Screen time, Travel and the Holiday Season

Posted on Dec 18 19

By: Gerry

 

Screen time. The mere mention of those two words give every parent (and non-parents for that matter) an opinionated, judgmental and guilty feeling. How much screen time is too much? The American Academy of Pediatrics (https://pediatrics.aappublications.org/content/early/2016/10/19/peds.2016-2591) recommends no more than one hour of screen time per day (on average for a week) for children ages 2-5 years old. No matter what the educational content of the videos, this cannot replace learning through doing. Would you trust a surgeon, accountant, or even a truck driver who watched thousands of hours of how-to videos on YouTube but has not practiced?

Tracy and I have 2 boys, 5 and 2-year-old boys. Like all kids, they are a handful. And yes, we do give them some screen time. Sometimes, we even let our screen time guards down. 2 hours pass and our 5 years old is still watching his unboxing videos. Dad throws down the hammer, tears are shed, threats of no YouTube for a week are made and the household goes to DEFCON 4.

During long car rides, train rides and plane rides, we do not restrict screen time. We are in a confined space for a period of time. Screen time helps avoid tantrums and preserve our sanity for the duration of the travel period. I do not know screen time is the ‘best’ option to avoid the scowls and dirty looks from fellow passengers; however, most of the time, it works.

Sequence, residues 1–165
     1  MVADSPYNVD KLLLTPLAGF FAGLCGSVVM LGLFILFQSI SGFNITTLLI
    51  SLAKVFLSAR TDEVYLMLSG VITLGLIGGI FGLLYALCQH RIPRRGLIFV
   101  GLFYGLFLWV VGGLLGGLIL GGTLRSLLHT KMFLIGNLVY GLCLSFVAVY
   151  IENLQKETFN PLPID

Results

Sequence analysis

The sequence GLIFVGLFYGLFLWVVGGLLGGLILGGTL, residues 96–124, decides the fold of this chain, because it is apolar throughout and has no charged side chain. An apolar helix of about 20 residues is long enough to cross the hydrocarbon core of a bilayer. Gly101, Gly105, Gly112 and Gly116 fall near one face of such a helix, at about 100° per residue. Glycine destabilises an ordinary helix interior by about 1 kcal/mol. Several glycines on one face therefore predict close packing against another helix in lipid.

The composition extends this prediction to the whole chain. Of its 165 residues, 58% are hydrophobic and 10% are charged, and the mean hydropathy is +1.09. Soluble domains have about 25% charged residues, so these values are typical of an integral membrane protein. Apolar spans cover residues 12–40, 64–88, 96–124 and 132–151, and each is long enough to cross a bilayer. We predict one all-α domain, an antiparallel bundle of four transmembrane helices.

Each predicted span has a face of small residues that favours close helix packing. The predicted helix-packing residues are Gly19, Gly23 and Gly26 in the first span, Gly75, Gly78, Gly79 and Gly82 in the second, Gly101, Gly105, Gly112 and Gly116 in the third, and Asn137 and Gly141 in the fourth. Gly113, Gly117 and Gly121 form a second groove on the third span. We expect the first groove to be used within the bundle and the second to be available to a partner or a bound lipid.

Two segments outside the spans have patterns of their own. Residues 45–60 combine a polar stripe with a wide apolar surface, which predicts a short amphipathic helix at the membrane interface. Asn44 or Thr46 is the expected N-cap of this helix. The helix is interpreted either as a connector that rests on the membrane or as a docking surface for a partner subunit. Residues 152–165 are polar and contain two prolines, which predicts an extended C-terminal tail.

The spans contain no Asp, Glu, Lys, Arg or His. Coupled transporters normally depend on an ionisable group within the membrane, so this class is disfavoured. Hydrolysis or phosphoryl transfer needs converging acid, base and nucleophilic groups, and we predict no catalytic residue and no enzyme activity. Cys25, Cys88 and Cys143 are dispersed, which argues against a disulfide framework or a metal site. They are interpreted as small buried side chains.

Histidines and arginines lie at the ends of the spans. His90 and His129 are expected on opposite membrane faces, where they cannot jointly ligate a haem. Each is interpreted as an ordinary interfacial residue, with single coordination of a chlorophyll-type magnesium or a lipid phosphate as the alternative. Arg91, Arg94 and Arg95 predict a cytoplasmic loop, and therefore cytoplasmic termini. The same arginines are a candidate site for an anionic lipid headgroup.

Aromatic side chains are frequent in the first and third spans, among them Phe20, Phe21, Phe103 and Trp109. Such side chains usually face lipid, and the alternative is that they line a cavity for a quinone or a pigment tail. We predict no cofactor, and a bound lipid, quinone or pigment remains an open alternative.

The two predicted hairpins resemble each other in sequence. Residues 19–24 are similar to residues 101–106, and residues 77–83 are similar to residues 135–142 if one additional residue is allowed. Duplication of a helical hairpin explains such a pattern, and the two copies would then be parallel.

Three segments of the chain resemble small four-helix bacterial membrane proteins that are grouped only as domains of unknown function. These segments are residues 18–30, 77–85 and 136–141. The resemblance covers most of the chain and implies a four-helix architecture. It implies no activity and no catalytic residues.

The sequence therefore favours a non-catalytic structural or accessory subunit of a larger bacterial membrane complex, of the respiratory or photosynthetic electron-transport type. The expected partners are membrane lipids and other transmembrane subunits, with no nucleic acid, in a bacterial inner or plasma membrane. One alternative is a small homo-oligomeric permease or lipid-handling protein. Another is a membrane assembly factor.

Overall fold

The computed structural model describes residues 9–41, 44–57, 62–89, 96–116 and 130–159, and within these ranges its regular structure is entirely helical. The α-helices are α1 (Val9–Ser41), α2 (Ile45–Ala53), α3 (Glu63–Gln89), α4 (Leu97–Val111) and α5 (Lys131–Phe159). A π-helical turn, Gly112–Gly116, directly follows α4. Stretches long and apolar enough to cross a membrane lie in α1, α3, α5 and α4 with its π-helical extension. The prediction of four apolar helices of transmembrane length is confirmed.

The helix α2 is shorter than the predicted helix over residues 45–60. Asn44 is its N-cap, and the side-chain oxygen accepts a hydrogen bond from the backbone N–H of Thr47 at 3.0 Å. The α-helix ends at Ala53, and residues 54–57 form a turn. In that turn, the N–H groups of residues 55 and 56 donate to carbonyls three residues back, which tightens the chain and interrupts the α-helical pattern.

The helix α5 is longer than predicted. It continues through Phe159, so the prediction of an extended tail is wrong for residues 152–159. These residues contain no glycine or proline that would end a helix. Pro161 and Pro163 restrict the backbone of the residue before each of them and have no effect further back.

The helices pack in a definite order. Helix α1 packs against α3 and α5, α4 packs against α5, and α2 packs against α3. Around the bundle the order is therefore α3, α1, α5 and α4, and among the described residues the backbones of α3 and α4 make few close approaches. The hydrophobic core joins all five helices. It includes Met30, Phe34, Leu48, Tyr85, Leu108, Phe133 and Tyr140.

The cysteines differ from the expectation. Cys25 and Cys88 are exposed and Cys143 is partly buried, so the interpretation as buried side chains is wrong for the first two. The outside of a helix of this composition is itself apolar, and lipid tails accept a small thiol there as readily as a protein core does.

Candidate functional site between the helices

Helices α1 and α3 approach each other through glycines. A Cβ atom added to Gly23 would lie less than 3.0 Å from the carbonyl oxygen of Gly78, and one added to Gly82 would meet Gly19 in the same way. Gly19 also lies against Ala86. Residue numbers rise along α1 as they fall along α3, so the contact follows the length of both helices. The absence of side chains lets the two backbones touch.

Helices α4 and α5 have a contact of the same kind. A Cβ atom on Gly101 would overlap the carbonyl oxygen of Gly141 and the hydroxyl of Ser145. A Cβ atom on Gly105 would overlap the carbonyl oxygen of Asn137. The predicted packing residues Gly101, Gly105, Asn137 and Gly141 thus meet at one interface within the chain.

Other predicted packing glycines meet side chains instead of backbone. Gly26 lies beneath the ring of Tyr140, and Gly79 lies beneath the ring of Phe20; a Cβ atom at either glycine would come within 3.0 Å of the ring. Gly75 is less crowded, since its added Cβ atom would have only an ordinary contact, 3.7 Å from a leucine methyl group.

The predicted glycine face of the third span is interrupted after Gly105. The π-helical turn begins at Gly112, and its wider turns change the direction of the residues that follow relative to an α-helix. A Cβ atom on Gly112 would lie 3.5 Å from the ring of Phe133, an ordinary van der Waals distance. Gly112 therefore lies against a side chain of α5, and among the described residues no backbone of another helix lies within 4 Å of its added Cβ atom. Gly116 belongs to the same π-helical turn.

In our household, especially now during the holidays, I have been implementing negotiables and non-negotiables. Negotiables: screen time with their grandparents and on long trips. Non-negotiables: feed yourself, be kind to people, greet everyone you see, turn those devices off when Dad is talking to you.

Fellow parents, give yourselves a break. Don’t be too hard on yourselves. My cursory Googling has found that the ‘new technology is ruining our youth’ cry has been made before. The printing press, radio, television, and video games. I watched my fair share of television and still do occasionally find myself binging some Netflix series that keeps me up until 2am. Many super tech entrepreneurs spent an incredible amount of time playing videos.

When my kids are doing something I like, like hitting golf balls at a driving range or 2-on-1 child friendly wrestling, we can spend an inordinate amount of time (away from the screen) together and enjoy each other’s company. I’m trying to find more things that we enjoy together.

Negotiables for me as a parent: screen time, candy, the occasional meal that consists 90% of rice (9% protein, 1% vegetables that somehow made it through the Maginot line.)

Non-negotiables: I must teach work ethic, grit, kindness and do things together that we all enjoy.

Here is my battle cry to the millennial, screen-time obsessed parents: don’t be too hard on yourselves and enjoy the parenting roller coaster ride.